2009: Today President Mahmoud Ahmadinejad of Iran used the platform of a United Nations conference in Geneva on combating racism to disparage Israel as a “cruel and repressive racist regime,” prompting delegates from European nations to desert the hall and earning a rare harsh rebuke from Secretary General Ban Ki-moon.
2009: Lord Hoffmann (Leonard Hoffmann) completed his terms as Second Senior Lord of Appeal in Ordinary in South Africa.
2009: Steve Reich was awarded the 2009 Pulitzer Prize for Music, on April 20, 2009, for Double Sextet
2010(6th Iyar, 5770): Yom Ha’Atzmaut
2010: The US premier of “I Was There In Color,” is scheduled to take place as part the Yom Ha’Atzmaut celebration at the JCC in Manhattan.
2010: Or Ashual, a 17-year-old student at the Kfar Saba Amana girls’ school, became the 2010 winner of the World Bible Quiz competition today, which took place on Israel’s 62nd Independence Day at the Jerusalem Center for the Performing Arts.
2011(16th of Nisan, 5771): Second Day of Pesach
2011: Beit Avi Chai, in collaboration with Merkaz Hamagshimim Hadassah, is scheduled to hold its second annual English speaking amateur theatre festival: "Stage One".
2011: Two suspects were arrested today in connection with setting fire to a synagogue on the Greek island of Corfu a day earlier, Greek Police said. Arsonists set fire to a synagogue on the island early yesterday, damaging prayer books but causing no injuries, in the third such attack in Greece in less than two years, police said.
2011: A Haggadah Fair sponsored by Kol HaOt and the Inbal Hotel will open today in Jerusalem.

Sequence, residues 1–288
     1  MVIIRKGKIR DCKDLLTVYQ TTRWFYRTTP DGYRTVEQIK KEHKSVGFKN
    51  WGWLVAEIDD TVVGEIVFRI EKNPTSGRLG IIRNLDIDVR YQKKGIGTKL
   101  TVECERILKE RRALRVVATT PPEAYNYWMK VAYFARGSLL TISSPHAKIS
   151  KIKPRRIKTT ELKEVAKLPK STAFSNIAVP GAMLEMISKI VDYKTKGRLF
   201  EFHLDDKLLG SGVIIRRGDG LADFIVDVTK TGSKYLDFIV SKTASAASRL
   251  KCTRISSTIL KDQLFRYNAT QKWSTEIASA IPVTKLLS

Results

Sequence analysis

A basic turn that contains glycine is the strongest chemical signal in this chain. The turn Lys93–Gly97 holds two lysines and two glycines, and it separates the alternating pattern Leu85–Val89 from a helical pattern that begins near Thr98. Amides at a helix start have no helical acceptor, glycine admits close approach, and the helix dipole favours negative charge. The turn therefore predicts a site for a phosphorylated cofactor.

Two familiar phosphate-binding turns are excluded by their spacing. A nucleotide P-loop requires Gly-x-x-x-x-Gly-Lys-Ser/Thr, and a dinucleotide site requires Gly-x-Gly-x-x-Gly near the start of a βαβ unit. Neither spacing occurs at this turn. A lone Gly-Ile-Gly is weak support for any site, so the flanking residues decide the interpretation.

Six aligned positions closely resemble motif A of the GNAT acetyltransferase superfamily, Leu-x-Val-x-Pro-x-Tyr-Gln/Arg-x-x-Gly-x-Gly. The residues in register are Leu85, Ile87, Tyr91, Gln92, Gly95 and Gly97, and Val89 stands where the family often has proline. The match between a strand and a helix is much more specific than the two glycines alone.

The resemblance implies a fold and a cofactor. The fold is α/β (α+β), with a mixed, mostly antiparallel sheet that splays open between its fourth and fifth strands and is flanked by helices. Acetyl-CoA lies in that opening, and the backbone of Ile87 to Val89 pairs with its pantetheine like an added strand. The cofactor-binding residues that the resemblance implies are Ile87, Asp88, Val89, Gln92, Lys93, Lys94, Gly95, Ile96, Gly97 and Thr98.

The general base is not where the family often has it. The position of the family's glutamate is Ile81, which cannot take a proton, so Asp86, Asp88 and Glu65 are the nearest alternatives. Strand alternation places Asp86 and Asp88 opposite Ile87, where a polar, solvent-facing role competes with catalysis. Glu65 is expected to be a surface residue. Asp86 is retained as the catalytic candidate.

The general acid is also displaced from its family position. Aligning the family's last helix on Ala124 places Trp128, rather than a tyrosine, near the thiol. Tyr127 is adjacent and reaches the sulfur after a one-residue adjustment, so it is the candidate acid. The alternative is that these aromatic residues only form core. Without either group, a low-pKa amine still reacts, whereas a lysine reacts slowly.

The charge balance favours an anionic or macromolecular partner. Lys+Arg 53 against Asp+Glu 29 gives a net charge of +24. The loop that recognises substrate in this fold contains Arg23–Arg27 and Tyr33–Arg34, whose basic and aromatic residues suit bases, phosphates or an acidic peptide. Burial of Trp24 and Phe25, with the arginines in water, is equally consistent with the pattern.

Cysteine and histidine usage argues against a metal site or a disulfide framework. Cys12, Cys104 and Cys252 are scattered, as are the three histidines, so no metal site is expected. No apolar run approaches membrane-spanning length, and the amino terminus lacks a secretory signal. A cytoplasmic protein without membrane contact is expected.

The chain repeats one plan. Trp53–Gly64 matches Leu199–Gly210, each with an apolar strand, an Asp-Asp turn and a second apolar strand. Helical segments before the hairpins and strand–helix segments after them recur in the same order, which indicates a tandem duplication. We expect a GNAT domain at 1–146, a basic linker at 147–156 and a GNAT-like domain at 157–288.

2011: One day after Steve Soboroff was hired to be the Vice Chairman of the LA Dodgers, Major League Baseball seized control of the team from Frank McCourt.
2012: “In Darkness” a film about Polish sewer worker and Jews living in the Lvov Ghetto is scheduled to be shown in Iowa City under the sponsorship of Agudas Achim.
2012: “Joanna” and “Life Is Too Long” are scheduled to be shown at the Westchester Jewish Film Festival
2012: “The Man Behind the Curtain” provides a detailed review of Mr. Broadway: The Inside Story of the Shuberts, the Shows and the Stars by Gerald Schoenfield.
2013: “No Place on Earth” is scheduled to be shown for the first time in Claremont, CA.
2013: Adam Burstain, the son of Todd and Jennifer Burstain - pillars of the Cedar Rapids Jewish community- is scheduled to appear in the final performance of Urine Town.
2013: “Cabaret-Berlin: The Wild Scene” is scheduled to be shown at the Westchester Jewish Film Festival
2013: “Dorfman in Love” is scheduled to be shown at the Northern Virginia Jewish Film Festival.
2013: Israeli gymnast Alexander Shatilov won the gold medal in the European Men's Artistic Gymnastic individual Championships, held in Moscow today.
2013: U. S Defense Secretary Chuck Hagel will finalize a huge arms deal with Israel during his visit starting today, under which Israel will for the first time be permitted to purchase US aerial refueling planes and other ultra-sophisticated military equipment that could prove vital to any Israel strike against Iran’s nuclear facilities
2014: “Igor and the Crane’s Journey” is scheduled to be shown at the JCC Rockland International Jewish Film Festival
2014: “Helen Suzman: Fighter for Human Rights” an exhibition that has been on display at the Illinois Holocaust Museum and Education Center is scheduled to come to a close.
2014: The New York Times features reviews of books by Jewish authors and/or of special interest to Jewish readers including No Book But The World by Leah Hager Cohen, Updike by Adam Begley and Plato at the Googleplex: Why Philosophy Won’t Go Away by Rebecca Newberger Goldstein